One country, two presidents, that’s the situation in Kenya as thousands of opposition supporters on Tuesday in downtown Nairobi witnessed the swearing in of Raila Odinga, forming a parallel government to that of President Uhuru Kenyatta.
Kenya’s political impasse began last year when the Supreme Court annulled the results the presidential election won by President Uhuru Kenyatta, saying there were voting irregularities and signs of fraud. Another election was held in October, which Odinga boycotted. He alleged that the process was rigged against him. Many analysts suggested that Odinga had also pulled out of the race because he was unlikely to win.
The series of clashes that occurred through the tense election period, with dozens being killed, according to the Kenya National Commission on Human Rights.
The swearing in of Odinga was not broadcasted on Kenya television stations. According to Kenya’s editors’ guild, the government had threatened to shut down and revoke licenses of media houses that broadcast the event. The live television feeds of several outlets went dead in the morning.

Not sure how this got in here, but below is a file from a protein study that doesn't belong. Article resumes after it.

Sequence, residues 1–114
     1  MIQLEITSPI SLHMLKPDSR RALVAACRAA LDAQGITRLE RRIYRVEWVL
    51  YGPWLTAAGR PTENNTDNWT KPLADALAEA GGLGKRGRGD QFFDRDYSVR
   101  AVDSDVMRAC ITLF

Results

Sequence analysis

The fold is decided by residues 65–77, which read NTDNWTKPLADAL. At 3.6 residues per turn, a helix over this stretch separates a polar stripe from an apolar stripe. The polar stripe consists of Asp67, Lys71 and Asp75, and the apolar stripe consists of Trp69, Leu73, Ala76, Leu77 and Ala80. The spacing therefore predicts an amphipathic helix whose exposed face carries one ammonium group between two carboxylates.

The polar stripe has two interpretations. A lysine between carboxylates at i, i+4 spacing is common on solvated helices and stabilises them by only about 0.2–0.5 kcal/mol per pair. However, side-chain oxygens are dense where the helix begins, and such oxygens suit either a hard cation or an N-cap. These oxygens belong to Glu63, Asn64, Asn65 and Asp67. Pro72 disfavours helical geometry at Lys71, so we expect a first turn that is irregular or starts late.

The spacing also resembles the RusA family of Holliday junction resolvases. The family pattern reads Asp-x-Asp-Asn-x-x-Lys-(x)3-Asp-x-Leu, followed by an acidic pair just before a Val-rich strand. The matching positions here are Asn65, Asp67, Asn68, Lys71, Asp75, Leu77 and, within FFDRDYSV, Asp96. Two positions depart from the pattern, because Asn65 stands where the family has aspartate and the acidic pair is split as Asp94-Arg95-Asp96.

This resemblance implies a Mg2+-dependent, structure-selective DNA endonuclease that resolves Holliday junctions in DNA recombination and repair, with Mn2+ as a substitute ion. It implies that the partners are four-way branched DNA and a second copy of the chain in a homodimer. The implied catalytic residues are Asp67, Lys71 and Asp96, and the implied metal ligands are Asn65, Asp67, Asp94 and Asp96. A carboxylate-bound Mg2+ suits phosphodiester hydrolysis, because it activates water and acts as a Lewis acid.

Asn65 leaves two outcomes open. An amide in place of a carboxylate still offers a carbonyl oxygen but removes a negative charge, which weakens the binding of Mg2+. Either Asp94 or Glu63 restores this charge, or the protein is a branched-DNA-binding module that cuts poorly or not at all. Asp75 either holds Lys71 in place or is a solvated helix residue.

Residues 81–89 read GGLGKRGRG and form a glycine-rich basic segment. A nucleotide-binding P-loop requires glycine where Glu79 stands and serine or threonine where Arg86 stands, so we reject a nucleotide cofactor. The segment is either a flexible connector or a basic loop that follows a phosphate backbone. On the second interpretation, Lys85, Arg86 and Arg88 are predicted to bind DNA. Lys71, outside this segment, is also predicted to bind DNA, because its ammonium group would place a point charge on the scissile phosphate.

The chairman of the guild, Linus Kaikai, said an earlier meeting with government officials about their planned coverage of the Odinga demonstration “was held under an atmosphere of intimidation.”
Last week, members of Odinga’s coalition, the National Super Alliance, released what they said was evidence vote-rigging showing that Odinga had actually won the August contest. They said the numbers came from the government’s electoral servers — an assertion the electoral commission has denied.
Who is the president of Kenya – Uhuru Kenyatta or Raila Odinga? The African Union and the United Nations must step in to prevent the breakdown of law and order in Kenya.